On Wednesday at 7 p.m., check the winfreeskatestuff page (PDT). They'll ask a question regarding a video, and the first person to respond correctly on the video's wall gets the skating gear. There will be three winners, and they'll be able to choose between an original graphic hoodie, jacket, or deck. All you have to do is answer a question about a video game or movie.
The contest is open to legal residents of the United States who are 18 years of age or older. Void where prohibited by law. To be eligible for prizes, you must provide your full name, email address, and mailing address within 72 hours of being notified by us via email. Failure to comply may result in disqualification. This contest is governed by U.S. laws without regard to any conflict of law provisions which would require application of the laws of another jurisdiction.
This contest ends on February 28th at 7 p.m. After this date, we will select three winners at random from all correct answers that were submitted before then. The winners will be notified by email and will have 48 hours to claim their prize; after which time new winners will be selected.
From coordinating top international contest series like the Vans Pro Skate Park Series to fun and ripping pro contests like the Copenhagen Open, to plenty of local events like the Grind for Life Series in Florida (which recently expanded to national), we'll be in your backyard soon no matter where you push your wood and wheels.
The best part is that even if you're not looking to win any prizes or titles, every event has something unique to offer fans of all ages. From music festivals to street parties, there's always something happening around a skate park on or near the Fourth of July.
Sponsored skaters are compensated by their sponsors to compete, take photos, or participate in other publicity activities. They are frequently given the opportunity to travel across the world. A pro skater is any skater who makes money via contests. In addition to cash prizes, most competitions offer additional perks such as hotel rooms, transportation, and food. Some skaters make more than others by performing at events and selling merchandise.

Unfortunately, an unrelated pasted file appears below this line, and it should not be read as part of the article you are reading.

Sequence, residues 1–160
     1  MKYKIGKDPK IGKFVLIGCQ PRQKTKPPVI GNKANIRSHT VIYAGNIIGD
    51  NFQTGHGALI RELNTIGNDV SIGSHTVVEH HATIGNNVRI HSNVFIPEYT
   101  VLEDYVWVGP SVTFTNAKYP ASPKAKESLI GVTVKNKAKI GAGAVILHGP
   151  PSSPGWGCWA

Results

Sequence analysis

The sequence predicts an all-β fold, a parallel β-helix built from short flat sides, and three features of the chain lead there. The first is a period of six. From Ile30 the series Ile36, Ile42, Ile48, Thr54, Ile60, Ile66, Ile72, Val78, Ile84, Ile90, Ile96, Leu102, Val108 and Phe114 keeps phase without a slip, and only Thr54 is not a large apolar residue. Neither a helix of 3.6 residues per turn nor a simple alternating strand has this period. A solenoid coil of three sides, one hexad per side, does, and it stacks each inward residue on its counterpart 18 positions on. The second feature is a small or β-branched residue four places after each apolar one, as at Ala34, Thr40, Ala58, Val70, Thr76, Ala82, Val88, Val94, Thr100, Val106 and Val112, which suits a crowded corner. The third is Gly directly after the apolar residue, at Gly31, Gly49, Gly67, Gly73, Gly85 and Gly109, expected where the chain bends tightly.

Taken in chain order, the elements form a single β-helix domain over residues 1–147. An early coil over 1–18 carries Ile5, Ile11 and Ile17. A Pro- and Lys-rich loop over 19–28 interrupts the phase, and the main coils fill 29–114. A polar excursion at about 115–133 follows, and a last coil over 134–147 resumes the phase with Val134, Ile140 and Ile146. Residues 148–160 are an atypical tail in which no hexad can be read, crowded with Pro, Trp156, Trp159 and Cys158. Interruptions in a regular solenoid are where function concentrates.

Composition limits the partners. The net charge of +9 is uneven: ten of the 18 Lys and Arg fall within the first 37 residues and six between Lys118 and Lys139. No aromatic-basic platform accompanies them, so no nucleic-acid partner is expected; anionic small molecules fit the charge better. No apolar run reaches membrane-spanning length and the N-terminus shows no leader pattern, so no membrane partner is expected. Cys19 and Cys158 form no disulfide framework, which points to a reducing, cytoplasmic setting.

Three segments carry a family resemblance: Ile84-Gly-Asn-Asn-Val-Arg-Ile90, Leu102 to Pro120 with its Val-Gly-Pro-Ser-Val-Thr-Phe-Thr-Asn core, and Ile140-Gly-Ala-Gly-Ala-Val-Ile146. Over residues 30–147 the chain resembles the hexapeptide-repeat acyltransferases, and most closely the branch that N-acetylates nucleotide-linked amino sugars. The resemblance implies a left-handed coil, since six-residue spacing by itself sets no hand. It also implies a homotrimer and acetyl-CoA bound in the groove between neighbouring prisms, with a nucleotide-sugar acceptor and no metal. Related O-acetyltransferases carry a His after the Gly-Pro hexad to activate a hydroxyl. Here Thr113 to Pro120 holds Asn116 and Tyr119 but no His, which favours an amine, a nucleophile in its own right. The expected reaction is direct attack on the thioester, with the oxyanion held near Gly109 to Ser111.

A professional skateboarder is called a pro. The title "pro" is used to describe anyone who performs at elite levels of competition, including semi-professional and amateur athletes. Although no one can become a professional overnight, many top pros have several years of experience before they become stars. Others may rise quickly through the ranks due to charisma or talent.
In order to be considered a professional skateboarder, you need to have paid your way into major events, such as the Vans Warped Tour or the Sundance Film Festival, for example. If you have not done so yet, you can start earning a living as a professional skateboarder by participating in local events, meeting people, and selling merch.
In addition to contest winnings, professionals also receive compensation from brands that sponsor them. This could include money, products, or media exposure.
And, sure, a professional skating league—Street League Skateboarding (SLS)—exists. The competition is so real that the skaters fight for the greatest prize fund in skating history—over $1 million. Rob Dyrdek, a former competitive skateboarder turned entrepreneur, created SLS. The season starts in October and ends in June with three finals at Hollywood's Staples Center.
But before you roll your eyes and say, "Not to sound like a complete fan," let me explain: There are actually two major Street League events each year, with three divisions in each event. The top 16 players from each division qualify for the world championship tournament held at the end of the season. The entire process is overseen by an actual manager who travels with the team and controls much of what happens on and off the skatepark during games.
The first SLS event was held in 2012 and featured many popular street skateboards including Chocolate, Mint Candy Apple, and Hot Rod. The most recent event was last month in Los Angeles and included some famous names from other sports including NBA star Carmelo Anthony and NFL player J.J. Watt.
In conclusion, yes, there is such a thing as a professional skateboarding league. And if you want to see some amazing skateboarding then you should definitely check out an SLS game sometime!